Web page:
Matador Pictures to focus on development as it launches separate film financing unit
EXCLUSIVE: UK independent film development and production company Matador Pictures has launched Gloucester Place Films in a move that will see the production and financing activities of the company split.
The new subsidiary will be responsible for managing the film financing side of the business and will advise a number of EIS and non-EIS businesses engaged in feature film production and international sales.
Gloucester Place Films will focus on making sales advances from $800,000 to $6.4m (£500,000 to £4m), recouped from pre-sales and tax credits.
Speaking to Screen, Matador founder and CEO Nigel Thomas explained that the move had been prompted by their involvement in recent films Kasper Barfoed’s The Numbers Station [pictured], starring John Cusack and Malin Akerman, and John Ridley’s All Is By My Side.
“We ended up being producers on those films, albeit alongside other producers and we want everyone to understand that that’s what we’ve done, not just a co-financing thing,” he said.
“For a long time within Matador, we’ve been looking after the financing side of things and the development and production side of things. I think it was confusing people whether they were talking to a financier or a producer and that’s really come to the fore over the last year or so.
“To avoid this confusion, we thought we should split the two sides to emphasise that Matador is a creative developer and producer and always has been.”
Original production plans
As a result of the launch of Gloucester Place Films, the move paves the way for a renewed emphasis on the development and production of original material within Matador, supported by substantial development resources.
“We’ve always had material under option but now we have access to fairly significant development funding so we’re starting to deploy that now. We’re picking up books, acquiring scripts and we’ve ramped up the story department so we are moving much more aggressively,” explained Thomas.
While the move won’t see Matador focussing solely on higher budget features – “we don’t want to ignore the lower budget films because we’ve done those quite successfully and we do have a pretty good record of working with first-time directors or writers and giving them their first or second film” – it will see Matador’s scope widened.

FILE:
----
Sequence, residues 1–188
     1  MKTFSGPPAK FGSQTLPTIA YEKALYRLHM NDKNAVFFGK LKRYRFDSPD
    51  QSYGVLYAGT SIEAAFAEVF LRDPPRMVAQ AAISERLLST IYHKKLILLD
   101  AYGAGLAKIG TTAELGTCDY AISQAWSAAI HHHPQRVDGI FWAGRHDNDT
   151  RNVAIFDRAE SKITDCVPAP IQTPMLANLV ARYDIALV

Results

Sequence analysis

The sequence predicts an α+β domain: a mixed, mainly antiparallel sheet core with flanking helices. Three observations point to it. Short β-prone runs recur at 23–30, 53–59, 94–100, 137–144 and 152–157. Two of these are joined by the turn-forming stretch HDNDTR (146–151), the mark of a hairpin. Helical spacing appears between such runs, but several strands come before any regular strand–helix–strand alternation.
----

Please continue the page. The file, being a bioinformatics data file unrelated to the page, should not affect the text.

“It makes much more sense in a business model to do films of a higher budget. We’re not going to be troubling Hollywood but at the same time for the UK, we would aim to be doing films at the higher end of the range,” commented Thomas.
“Safe pair of hands”
Thomas hopes that the move leads to Matador being seen as a “safe pair of hands” for projects. “The thing with development is you always think of it as one of those yellow box junctions: you don’t want to go in unless you’ve got an exit route out,” added Thomas.
“Because of the financing activity, we have a route out. If we pick up a project, we have the means to get it made which is not a common thing for a lot of producers around town. We’re trying to say that the door is open for talent to come in because we can get their film made.”
Alongside the launch of Gloucester Place Films, Matador is re-structuring internally and has announced a number of new hires.
Long-time Matador producer Charlotte Walls has joined the board alongside Thomas.
Lucia Lopez has been promoted to head of development and acquisitions, while Matt Wakeham and Orlando Cubitt join Lopez’s development team.
Former city lawyer Saira Mian joins the company as head of legal and business affairs.